Time-related tasks are performed on Python using the time module. With this module the time value can be displayed in different ways. The time.time() method of this module is used to read the time in seconds based on time conventions. Depending on the time period, the calculation of the time starts on date 1. January 1970, 00:00:00 (UTC) and supports date and time until 2038 for most operating systems. Time(), the module returns the time in seconds as a floating point number. This tutorial explains how this method can be used with other necessary methods of the time module to display the time value in different formats. My website AWS Cloud management.

Syntax:

This method has no arguments and returns time in seconds, since the time of the beginning of an era is a floating point number. In the next part of the lesson, different ways to use the timdd() method are presented.

Example 1: Using the time() function with ctime() to print the current date and time

Earlier it was mentioned that the time() method returns a value in seconds and is a floating point number that is not readable. The ctime() method is used here to display the return value of the time() method in a readable format. Import time and ctime from the time module at the beginning of the script to use the time() and ctime() methods. The script saves the current date and time in seconds in a variable called current_DateTime using the time() method. The value current_DateTime is then printed. The value of this variable is passed as an argument to the ctime() method to convert it to a human-readable format and print it.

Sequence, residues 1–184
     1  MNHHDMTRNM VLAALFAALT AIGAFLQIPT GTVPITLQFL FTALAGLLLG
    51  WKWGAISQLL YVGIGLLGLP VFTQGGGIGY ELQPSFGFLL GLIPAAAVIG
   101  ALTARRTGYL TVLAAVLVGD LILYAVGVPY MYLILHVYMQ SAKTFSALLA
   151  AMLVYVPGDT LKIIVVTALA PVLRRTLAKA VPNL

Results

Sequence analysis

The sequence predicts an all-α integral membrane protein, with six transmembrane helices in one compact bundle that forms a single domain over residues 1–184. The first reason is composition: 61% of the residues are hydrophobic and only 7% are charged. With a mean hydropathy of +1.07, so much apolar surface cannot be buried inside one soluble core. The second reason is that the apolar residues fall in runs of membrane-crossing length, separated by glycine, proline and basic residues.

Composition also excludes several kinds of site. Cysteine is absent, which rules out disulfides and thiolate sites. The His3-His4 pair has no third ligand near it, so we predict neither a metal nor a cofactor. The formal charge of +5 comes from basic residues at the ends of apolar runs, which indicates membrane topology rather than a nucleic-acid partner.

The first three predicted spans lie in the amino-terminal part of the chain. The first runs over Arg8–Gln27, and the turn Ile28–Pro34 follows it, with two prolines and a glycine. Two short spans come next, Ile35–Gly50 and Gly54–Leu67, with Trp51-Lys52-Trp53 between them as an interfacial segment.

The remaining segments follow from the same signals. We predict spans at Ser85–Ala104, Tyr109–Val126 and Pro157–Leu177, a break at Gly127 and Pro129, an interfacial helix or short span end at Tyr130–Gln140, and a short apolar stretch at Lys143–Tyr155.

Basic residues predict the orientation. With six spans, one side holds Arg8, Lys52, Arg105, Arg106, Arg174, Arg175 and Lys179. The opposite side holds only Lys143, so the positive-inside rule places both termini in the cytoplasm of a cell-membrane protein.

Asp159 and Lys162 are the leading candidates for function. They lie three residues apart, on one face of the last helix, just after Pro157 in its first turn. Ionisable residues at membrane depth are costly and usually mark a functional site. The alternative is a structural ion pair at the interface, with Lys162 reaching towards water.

# Import time and c-time from module
of the time import time, c-time

# Read current data and time in seconds
current_DateTime = time()

# Print time output()
print(nPrint time output():,current_DateTime)

# Print the current date and time in readable format
print (‘nToday is: ‘,ctime(current_DateTime))

A way out:

After executing the script, the following output appears.

How to use python time.time() method

Example 2: Using the time() function with localtime() to print the current date and time separately.

In the previous example, the date and time values are printed as a string, which is the default output of the ctime() method. However, if you want to read each data and time value and print each value in a custom format, you must use another method called localtime() with the time() method. The local timdd() method accepts the output of the timdd() method as an argument and displays the structure of the date and time values that can be read separately. The following example shows how to read and print different parts of the current data and time using the methods time() and localtime() The time module is imported at the beginning of the script to use the methods time() and localtime(). The output of the time() method is stored in a curTime variable, and the output of the localTime() method is stored in the localTime variable. The value of the variable localTime is printed to see the structural output of this variable. Then the list of months and the list of weekday variables, i.e. the names of the month and the day of the week, based on the numerical value specified in the output of the local timee(() method. Finally, the script generates four types of formatted output data and times.